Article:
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Despite the official denials, cabinet member Ami Ayalon told Reuters there is a need for a three-point strategy against Iran:
“First, we must make clear that this is a threat not just to Israel, but to the wider world. Second, we must exhaustively consider all preventive options. And third, we must anticipate the possibility of those options not working,” Ayalon said.
Reaction to the story has been decidedly mixed. Some in the blogosphere have claimed that Mr. Olmert is “selling Israel down the drain,” concluding that a nuclear-armed Iran is all-but-inevitable.
Other pundits believe that the Israeli government is simply being prudent. The international community has consistently refused to take more decisive action against Iran (and its nuclear program), and there’s no guarantee that military action would completely eliminate the threat. Under that scenario, Israel could very well face a nuclear-capable Iran at some point in the very near future.
Reading between the lines, we believe the Israeli comments reflect a number of considerations, and they’re aimed at both domestic and American audiences. First, the statement is an indirect admission that there are limits on Israel’s ability to strike Iran. As we’ve noted in the past, the IAF is constrained by its ability to provide in-flight refueling for an air strike against Iran, and the need to cross hostile airspace.
That’s why the Israelis would prefer that the U.S. take military action against Iran. American carriers in the Gulf–and Air Force expeditionary winds based in the Middle East–could launch a sustained aerial bombardment of Tehran’s key military and nuclear facilities, reducing survival prospects for key installations, equipment and personnel.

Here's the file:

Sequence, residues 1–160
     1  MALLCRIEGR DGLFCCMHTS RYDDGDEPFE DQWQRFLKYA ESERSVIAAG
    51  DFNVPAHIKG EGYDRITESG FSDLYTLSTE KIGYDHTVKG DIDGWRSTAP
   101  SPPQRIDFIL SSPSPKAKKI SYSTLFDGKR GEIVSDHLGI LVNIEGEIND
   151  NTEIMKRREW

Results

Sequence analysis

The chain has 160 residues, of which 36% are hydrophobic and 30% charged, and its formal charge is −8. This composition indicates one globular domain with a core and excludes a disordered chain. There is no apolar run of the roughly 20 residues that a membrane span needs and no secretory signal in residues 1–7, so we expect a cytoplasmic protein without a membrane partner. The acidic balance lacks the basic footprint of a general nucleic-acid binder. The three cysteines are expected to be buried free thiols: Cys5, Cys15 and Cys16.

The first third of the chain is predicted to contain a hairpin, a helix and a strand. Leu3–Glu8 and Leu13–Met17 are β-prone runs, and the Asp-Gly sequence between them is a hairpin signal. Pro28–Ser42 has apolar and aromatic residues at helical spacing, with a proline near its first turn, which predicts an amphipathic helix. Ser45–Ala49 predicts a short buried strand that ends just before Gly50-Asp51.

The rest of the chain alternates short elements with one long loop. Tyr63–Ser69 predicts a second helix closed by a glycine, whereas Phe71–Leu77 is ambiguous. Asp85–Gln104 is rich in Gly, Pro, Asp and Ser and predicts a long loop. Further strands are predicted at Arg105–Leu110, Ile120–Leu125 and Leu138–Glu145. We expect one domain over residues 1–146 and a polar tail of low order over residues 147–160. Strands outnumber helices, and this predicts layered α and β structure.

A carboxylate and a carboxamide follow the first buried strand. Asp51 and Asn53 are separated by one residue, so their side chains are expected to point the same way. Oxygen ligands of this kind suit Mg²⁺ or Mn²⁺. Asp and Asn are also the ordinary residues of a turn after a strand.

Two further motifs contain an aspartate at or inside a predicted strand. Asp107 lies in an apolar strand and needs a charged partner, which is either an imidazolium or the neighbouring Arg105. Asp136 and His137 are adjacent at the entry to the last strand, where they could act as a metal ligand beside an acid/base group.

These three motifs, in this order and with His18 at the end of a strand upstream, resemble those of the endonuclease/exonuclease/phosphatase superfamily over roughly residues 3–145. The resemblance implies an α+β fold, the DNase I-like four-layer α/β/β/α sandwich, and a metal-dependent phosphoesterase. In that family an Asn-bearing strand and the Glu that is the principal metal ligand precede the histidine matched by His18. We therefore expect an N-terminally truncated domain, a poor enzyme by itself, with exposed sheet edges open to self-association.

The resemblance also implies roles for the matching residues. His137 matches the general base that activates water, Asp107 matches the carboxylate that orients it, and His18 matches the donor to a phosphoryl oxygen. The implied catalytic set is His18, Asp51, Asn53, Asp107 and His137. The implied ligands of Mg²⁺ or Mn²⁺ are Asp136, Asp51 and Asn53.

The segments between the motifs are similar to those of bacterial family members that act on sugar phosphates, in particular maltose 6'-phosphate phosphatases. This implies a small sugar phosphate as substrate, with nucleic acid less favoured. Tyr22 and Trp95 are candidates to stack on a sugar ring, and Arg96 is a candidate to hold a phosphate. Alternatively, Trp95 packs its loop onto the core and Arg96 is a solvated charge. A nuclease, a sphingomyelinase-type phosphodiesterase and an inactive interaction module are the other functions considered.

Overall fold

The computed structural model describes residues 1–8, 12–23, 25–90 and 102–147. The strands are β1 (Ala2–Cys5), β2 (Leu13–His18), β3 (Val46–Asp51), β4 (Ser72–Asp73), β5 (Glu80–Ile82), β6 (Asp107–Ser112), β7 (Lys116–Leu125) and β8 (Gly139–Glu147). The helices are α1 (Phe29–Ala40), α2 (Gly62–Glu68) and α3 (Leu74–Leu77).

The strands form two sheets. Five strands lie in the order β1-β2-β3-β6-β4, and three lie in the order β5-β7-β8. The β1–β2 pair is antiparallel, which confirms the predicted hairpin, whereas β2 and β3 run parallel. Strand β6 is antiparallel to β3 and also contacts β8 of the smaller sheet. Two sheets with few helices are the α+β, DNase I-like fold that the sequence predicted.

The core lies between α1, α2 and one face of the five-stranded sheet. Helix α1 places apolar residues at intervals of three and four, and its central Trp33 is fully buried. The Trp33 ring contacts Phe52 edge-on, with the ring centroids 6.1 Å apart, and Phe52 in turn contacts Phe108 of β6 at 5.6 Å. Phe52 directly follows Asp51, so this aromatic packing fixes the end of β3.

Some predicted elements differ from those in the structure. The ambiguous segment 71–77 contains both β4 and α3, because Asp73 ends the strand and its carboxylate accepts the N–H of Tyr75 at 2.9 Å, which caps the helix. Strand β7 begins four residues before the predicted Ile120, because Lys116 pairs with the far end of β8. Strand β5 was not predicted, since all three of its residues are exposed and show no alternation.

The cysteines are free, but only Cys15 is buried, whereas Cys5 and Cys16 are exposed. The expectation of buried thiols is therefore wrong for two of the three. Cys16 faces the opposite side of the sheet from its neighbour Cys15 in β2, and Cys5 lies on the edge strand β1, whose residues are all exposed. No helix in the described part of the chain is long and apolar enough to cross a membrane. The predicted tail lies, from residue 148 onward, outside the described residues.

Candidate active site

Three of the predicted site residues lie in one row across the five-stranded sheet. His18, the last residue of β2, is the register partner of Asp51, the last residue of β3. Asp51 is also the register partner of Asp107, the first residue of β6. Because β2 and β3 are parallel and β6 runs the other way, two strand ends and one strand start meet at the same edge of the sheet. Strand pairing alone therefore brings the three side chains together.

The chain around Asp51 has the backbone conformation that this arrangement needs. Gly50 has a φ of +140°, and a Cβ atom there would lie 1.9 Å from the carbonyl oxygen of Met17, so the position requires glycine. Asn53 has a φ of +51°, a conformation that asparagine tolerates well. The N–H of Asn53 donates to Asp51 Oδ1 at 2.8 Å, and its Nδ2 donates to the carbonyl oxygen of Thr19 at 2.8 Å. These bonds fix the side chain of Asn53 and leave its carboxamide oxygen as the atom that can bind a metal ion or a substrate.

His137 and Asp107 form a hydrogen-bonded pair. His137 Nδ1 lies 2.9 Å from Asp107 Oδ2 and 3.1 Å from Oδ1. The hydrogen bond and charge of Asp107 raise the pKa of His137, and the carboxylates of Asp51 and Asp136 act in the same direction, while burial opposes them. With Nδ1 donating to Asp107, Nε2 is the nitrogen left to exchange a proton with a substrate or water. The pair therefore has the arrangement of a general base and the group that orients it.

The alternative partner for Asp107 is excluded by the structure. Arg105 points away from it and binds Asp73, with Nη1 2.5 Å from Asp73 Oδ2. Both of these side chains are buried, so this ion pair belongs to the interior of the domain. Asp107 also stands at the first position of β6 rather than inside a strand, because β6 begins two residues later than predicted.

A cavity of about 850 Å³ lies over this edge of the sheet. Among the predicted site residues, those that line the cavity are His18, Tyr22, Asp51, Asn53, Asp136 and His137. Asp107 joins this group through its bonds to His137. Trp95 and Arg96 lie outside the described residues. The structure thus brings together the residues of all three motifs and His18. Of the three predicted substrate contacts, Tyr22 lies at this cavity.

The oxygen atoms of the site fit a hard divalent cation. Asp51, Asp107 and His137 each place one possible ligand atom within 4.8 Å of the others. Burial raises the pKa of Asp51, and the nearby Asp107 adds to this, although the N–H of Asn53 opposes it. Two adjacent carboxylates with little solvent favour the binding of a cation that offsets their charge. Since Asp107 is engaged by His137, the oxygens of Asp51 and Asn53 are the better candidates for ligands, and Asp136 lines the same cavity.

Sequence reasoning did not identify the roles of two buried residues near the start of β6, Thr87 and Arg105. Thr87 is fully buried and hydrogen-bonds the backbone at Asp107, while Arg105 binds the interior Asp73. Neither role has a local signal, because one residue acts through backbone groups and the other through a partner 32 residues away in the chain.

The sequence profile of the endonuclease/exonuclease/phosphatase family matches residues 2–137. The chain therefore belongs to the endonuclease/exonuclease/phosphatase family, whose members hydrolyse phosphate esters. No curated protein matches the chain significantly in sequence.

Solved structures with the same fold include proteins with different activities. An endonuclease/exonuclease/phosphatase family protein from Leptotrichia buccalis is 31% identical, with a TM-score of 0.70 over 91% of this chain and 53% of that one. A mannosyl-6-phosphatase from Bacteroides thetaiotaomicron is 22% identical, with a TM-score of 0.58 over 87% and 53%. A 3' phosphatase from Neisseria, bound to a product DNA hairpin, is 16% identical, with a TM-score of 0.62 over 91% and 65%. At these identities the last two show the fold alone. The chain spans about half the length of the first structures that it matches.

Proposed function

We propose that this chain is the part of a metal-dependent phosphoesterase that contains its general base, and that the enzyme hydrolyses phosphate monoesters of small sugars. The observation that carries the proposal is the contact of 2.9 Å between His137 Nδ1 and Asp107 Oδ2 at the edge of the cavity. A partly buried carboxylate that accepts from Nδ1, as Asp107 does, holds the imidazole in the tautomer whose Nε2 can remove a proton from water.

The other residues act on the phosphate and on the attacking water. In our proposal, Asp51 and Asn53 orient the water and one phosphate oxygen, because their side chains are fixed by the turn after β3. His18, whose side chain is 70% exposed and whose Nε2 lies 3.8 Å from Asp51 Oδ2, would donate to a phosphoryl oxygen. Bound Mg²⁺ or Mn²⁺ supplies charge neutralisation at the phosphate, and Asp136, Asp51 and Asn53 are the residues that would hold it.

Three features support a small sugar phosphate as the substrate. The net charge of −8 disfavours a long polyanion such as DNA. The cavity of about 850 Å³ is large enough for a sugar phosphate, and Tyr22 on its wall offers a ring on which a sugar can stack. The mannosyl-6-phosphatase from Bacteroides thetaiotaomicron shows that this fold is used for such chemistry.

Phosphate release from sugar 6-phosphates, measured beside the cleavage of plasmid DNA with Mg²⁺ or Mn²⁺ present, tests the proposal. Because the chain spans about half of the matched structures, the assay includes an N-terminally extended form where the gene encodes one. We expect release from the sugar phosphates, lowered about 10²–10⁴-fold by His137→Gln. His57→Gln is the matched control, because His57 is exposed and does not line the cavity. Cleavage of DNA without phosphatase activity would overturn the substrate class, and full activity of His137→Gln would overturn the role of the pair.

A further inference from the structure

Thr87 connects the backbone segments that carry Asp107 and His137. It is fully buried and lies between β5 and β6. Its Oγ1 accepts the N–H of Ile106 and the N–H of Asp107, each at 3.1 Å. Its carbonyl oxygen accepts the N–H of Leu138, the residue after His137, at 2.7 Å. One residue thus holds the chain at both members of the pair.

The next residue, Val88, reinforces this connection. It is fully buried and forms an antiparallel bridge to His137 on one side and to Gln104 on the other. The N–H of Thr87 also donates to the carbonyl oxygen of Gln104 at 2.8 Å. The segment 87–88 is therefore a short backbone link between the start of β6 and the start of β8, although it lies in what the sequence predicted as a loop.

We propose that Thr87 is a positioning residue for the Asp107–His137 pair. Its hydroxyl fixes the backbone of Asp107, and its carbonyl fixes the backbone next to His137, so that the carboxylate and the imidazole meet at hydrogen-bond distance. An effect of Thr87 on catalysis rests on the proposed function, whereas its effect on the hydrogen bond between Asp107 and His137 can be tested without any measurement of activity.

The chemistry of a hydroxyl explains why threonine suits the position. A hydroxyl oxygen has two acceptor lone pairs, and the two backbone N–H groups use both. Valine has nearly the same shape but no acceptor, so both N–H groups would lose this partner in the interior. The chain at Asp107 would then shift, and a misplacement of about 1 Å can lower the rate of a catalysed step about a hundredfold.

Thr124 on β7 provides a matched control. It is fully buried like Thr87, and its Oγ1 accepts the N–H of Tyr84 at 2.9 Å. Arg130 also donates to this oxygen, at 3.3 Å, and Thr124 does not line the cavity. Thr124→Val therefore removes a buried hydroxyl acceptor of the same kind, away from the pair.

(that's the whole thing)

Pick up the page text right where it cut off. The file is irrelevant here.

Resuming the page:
But that creates serious problems for Washington, both politically and militarily. On the political side, there are concerns that an attack against Iran would completely destroy GOP prospects for retaining the White House in 2008. While President Bush’s decision-making has never been controlled by polls and electoral concerns, he is not oblivious to the political ramifications of attacking Iran.
Additionally, a number of senior U.S. military officials have recently noted that a “new front” against Iran would place a further strain on our armed forces, already stretched-thin by the conflicts in Iraq and Afghanistan. While none of those officials have stated that we lack the capability to attack Iran, they have cautioned that expanded operations would come at a very high price, particularly in terms of money and equipment.
And, if Mr. Bush takes a pass on striking Iran before his term ends, then it’s all-but-certain that a Democratic successor would also refrain from military action. That’s why those Israeli comments (conveniently offered to a Reuters correspondent) are also aimed at Democratic presidential hopefuls. Tel Aviv has no confidence in the willingness of a Democratic administration to deal forcefully with Tehran–and those concerns are well-founded. Not long ago, one of the party’s leading presidential hopefuls suggested that he would be willing to talk with Ahmadinejad, the same man who has suggested that Israel should be “wiped off” the map.
With their own military options constrained–and the U.S. seemingly unable to act, it’s no wonder that Israel is growing increasingly pessimistic in its outlook. With the world community unwilling to aggressively confront Iran, and with limited military possibilities, planning for “The Day After” may become Israeli state policy by default.